+ Vox: Obesity now kills more people worldwide than car crashes, terror attacks, and Alzheimer’s combined.
The already dire situation in Syria threatened to expand over the weekend after the US shot down a Syrian warplane. Russia has condemned the action, “suspending the use of a military hotline that Washington and Moscow have used to avoid collisions in Syrian airspace and threatening to target aircraft flown by the United States and its allies over Syria.” From the NYT: Russia Warns U.S. After Downing of Syrian Warplane.
+ “The US considers a pilot with at least five confirmed kills to be an ace – but no serving pilot holds the title.” From BBC: Why are air combat kills so rare?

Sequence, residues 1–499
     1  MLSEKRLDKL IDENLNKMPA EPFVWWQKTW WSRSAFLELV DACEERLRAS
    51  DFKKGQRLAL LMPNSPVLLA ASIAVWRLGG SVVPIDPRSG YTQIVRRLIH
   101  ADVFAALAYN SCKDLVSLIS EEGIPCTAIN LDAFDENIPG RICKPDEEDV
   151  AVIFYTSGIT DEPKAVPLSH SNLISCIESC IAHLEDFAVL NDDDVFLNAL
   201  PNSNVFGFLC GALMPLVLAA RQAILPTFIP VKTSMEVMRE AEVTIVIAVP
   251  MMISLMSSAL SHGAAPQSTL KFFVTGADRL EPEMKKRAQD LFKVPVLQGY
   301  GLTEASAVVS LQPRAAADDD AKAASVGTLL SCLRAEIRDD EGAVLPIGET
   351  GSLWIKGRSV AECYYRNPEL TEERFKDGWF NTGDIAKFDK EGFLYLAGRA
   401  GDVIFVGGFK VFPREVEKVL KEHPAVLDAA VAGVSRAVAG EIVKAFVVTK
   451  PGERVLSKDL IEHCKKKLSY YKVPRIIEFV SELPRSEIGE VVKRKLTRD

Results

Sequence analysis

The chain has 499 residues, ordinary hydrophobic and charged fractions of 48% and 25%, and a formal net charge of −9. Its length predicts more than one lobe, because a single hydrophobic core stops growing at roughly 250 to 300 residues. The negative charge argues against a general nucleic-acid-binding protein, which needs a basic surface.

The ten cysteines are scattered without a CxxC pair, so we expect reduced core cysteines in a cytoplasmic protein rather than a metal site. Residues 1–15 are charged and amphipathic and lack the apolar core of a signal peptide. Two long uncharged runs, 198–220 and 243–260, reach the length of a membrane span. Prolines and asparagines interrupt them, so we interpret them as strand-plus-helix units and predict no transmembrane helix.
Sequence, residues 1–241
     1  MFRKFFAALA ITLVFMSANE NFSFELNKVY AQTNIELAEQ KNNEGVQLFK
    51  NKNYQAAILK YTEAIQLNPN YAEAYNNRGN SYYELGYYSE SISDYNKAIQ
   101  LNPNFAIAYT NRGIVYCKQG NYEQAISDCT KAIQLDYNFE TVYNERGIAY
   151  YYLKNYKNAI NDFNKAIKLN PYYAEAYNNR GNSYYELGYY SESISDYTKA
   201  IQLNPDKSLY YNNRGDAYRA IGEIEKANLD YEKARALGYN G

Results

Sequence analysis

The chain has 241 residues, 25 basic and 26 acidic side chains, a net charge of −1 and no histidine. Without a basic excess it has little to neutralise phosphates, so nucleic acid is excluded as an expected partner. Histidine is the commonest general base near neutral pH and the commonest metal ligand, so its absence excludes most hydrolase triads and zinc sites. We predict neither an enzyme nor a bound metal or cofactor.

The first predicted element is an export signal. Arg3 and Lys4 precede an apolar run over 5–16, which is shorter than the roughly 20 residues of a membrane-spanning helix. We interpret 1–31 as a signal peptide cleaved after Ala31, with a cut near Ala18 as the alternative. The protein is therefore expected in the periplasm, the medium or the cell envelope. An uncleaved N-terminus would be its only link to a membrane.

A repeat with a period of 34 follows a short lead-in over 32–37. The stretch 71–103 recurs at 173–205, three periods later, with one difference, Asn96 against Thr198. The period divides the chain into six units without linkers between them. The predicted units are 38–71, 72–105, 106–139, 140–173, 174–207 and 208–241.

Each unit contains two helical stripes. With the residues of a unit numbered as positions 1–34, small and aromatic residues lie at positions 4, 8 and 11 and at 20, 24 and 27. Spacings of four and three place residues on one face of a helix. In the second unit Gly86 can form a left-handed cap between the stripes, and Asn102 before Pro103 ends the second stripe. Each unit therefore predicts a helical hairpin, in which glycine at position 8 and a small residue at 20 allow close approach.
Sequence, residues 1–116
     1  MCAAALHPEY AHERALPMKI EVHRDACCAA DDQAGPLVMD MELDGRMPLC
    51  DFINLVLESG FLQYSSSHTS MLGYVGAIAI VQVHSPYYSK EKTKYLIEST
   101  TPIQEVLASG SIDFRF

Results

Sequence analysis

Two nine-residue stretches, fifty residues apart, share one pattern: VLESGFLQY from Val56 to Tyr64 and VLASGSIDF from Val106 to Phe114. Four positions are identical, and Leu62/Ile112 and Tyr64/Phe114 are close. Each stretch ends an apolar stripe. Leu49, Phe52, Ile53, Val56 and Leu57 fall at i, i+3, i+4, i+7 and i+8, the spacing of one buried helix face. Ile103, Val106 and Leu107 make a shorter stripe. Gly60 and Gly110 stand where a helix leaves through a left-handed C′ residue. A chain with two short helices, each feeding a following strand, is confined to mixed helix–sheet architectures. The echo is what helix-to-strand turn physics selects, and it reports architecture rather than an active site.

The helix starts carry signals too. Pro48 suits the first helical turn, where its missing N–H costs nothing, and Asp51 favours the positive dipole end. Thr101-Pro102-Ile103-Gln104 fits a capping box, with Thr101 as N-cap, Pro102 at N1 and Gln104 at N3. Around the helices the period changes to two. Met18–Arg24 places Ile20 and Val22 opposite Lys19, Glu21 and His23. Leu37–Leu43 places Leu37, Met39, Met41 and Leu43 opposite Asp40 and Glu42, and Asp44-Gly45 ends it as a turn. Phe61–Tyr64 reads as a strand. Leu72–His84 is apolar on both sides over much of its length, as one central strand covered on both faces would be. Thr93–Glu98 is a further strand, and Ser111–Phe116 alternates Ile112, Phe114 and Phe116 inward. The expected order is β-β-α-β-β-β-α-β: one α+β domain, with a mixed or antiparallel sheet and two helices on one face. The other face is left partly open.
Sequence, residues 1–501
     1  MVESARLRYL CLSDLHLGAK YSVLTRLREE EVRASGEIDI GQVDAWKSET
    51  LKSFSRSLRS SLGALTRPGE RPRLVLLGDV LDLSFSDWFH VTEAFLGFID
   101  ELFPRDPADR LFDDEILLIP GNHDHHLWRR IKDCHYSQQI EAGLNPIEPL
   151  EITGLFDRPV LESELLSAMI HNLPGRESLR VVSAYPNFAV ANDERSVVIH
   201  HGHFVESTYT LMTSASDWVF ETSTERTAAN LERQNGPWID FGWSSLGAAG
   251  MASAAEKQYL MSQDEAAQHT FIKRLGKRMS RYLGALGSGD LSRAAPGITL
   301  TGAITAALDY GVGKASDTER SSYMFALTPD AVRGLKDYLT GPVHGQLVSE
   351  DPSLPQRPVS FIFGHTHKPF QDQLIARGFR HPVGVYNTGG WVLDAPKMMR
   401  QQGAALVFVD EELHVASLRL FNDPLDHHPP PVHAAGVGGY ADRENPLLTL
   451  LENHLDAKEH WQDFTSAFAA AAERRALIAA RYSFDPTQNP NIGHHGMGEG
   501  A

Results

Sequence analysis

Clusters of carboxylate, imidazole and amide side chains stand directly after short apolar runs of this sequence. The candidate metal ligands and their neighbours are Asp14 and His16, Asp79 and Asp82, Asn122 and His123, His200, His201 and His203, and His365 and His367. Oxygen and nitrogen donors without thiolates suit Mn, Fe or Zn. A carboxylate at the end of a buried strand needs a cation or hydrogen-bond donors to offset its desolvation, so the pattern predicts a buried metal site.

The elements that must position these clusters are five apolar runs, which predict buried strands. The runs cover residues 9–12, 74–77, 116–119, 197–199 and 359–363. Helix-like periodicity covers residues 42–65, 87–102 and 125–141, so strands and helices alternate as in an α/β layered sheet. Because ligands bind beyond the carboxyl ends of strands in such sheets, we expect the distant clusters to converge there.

+ As seen in a collection of photos that is at once sad and hopeful, a Syrian town breaks Ramadan fast with Iftar among rubble.
“Witnesses said the driver was heard shouting that he wanted to kill Muslims after he was wrestled to the ground. In a stunning twist, however, the driver may have been spared serious harm from the outraged crowd after one of the mosque imams appealed for calm.” In the latest vehicular terror attack in London, the target was a group of Muslims gathered outside of a mosque. Theresa May called the attack “every bit as sickening” as the other ones that occurred in recent weeks. (And maybe that twist described above wasn’t so stunning.)
+ Mayor of London Sadiq Khan: “Terrorism is terrorism.” Here’s the latest from the BBC.